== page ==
A treatment that could control a deadly fungus, aflatoxin, from infecting maize is being tested in Kenya in a project donors hope will result in a commercially viable product with regional application, officials say.
However, farmers expected to buy and use the bio-control agent, known as Aflasafe, want financial incentives to rid the market of what is often an invisible attacker.
The UN World Health Organization (WHO) estimates that literally billions of people in the developing world are chronically exposed to aflatoxin, which causes cancer, suppresses the immune system, retards growth and causes liver disease as well as death in both humans and animals, according to the International Institute of Tropical Agriculture (IITA), a partner in the 18-month project.
Aflatoxin is not always obvious, and maize that looks normal could actually be infested with high levels of the fungus, which thrives under poor storage conditions.
Testing will focus on creating a locally successful hybrid of fungi, which, when applied to crops in the field, "crowd out" the toxins. Scientists expect to know by December 2012 which combination is best for Kenya, which has a particularly virulent strain found nowhere else in Africa.
But the project also needs to answer some key questions about how to market aflasafe.
"Can the farmer afford it? Can she see a return on investment? We need a mechanism by which she can recognize value,” said Prem Warrior of the Bill and Melinda Gates Foundation, which is providing the project’s $1.2 million budget.
For farmers, the question of affordability and added value is central, and could determine whether or not they use the product, no matter how effective it is.
There is currently no quote for the cost of Aflasafe, since no one is producing it at scale, Ranajit Bandyopadhyay, a principal investigator with IITA, told IRIN.
However, Bandyopadhyay estimated it would cost a farmer US$10-12 per hectare. The average farm in Kenya is just less than 2.5 hectares, according to Acumen Fund, a non-profit global venture firm.
Steve Collins, chief of party for the Kenya Maize Development Project, said Kenyan commercial farmers could afford to pay but small-scale farmers would require subsidies to get started.
Wilson Songa, the permanent secretary in Kenya's Agriculture Ministry, said there needs to be a plan to take Aflasafe from a handout to something farmers can buy on their own.
He said the Aflasafe project would immediately "touch the lives" of the 46 percent of Kenyans who live in poverty. "Some of the farmers are too poor to buy the product," said Songa. "We will ensure that the product gets to them free of charge initially."
Songa said 450 trainers would be sent out to provide education and information to farmers.
"We needed a project like this yesterday," said Songa. "The whole region is waiting."
The Ministry of Agriculture also promised to buy up 2.3 million infected bags of maize last year, but did not, saying it did not have the funds. It is unclear where it will find the money to pay farmers to start using Aflasafe.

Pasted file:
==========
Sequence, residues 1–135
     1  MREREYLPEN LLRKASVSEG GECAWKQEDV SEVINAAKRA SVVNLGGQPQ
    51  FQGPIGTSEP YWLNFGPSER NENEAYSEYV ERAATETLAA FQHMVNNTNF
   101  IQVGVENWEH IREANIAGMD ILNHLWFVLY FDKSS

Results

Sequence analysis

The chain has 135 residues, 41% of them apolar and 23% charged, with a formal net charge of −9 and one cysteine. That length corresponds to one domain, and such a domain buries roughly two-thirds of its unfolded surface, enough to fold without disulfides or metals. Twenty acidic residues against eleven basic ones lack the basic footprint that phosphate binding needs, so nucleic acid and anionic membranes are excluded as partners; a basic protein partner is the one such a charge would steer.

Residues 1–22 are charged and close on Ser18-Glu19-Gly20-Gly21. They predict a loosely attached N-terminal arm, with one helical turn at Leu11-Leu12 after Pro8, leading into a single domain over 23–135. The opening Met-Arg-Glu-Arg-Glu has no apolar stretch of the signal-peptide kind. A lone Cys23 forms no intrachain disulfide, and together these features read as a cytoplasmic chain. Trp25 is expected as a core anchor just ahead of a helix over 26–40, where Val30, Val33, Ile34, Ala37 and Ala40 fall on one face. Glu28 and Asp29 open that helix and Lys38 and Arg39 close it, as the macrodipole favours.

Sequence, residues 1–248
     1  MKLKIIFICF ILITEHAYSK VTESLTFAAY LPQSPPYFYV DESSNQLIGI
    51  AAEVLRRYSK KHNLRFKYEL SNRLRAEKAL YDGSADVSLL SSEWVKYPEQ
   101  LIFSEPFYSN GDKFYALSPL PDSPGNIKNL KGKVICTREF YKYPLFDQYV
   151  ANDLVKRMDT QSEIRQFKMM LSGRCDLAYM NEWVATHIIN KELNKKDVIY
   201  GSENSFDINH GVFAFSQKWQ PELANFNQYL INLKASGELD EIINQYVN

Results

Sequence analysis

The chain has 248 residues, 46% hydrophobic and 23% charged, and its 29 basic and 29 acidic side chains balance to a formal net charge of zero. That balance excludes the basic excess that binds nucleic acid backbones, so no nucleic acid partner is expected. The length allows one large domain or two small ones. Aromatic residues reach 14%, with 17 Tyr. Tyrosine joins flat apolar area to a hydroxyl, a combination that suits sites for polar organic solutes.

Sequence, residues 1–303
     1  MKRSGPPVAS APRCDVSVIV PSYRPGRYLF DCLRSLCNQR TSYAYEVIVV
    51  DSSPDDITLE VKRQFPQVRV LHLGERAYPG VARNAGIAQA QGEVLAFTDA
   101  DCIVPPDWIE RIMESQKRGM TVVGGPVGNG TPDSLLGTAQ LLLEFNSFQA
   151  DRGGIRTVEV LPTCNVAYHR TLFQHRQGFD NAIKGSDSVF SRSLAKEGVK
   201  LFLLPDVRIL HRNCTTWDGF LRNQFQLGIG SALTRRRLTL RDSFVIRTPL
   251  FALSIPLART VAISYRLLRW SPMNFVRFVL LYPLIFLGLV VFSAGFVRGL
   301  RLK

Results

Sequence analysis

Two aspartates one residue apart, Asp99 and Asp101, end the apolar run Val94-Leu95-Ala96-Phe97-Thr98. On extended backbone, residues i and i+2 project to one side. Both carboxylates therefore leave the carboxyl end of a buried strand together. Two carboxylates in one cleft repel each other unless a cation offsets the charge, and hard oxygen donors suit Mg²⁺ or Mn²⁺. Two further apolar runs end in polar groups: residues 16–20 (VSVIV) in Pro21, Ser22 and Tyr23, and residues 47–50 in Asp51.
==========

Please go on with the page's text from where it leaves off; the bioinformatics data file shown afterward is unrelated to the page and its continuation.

If farmers do not get higher prices for treated crops, some may not be willing to pay out of pocket for Aflasafe.
"The farmers take on the cost and yet they don’t always benefit in terms of market price," said Paula Bramel, IITA's deputy director.
"We have been going out and talking to farmers to see what they’d be willing to spend," said Collins, whose organization surveyed 2,300 farming families in eastern and western Kenya. “They would be prepared to pay if they could get a better price.”
Collins said there was a good chance they could do so because protecting maize from aflatoxin also results in a better product, less likely to be rejected by traders.
Fungus-free crops will also yield more grain. Collins said yield per unit could be doubled, tripled, or maybe even quadrupled.
Paula Bramel, IITA's deputy director, said there is currently no low-cost testing method in Kenya, and the government does not regularly test maize for aflatoxins. For the 70 percent of farmers in Kenya who trade informally, even government testing might provide little incentive to pay out of pocket for Aflasafe.
"The only way it will get to scale is if famers have a direct financial incentive," said Kola Masha, the managing director at Doreo Partners, a venture capital and consultancy firm tasked with developing a commercial strategy for Aflasafe.
Regulating the market is key for this to succeed, he said, because it is the only way farmers would be able to profit from compliance. The only other way to create incentive is to turn Aflasafe into a product that also increases yield, for example by bundling it with fertilizer, he said.
Masha said a "very aggressive outreach programme" would be the final step in ensuring farmers grow and consumers demand aflatoxin-free crops.
Farmer Henry Zoka and his wife Patricia Maitha grow maize, beans, kale, and other crops on their farm 50km west of Nairobi. They are not sure if their maize has ever been infected with aflatoxin.
Zoka said the decision about whether or not to buy Aflasafe “would depend on the cost.” He said he would spend 1,000 shillings ($11.4) a season on the treatment. "We feel if we could get assistance it would be better."
But Aflasafe alone might not even be enough to combat the deadly fungus.
"There's no silver bullet in terms of a solution," said Collins. "That’s why you have to take a holistic approach."
Education, training, and communication about correct farming and storage practices are just as important as bio-control agents like Aflasafe, he said.
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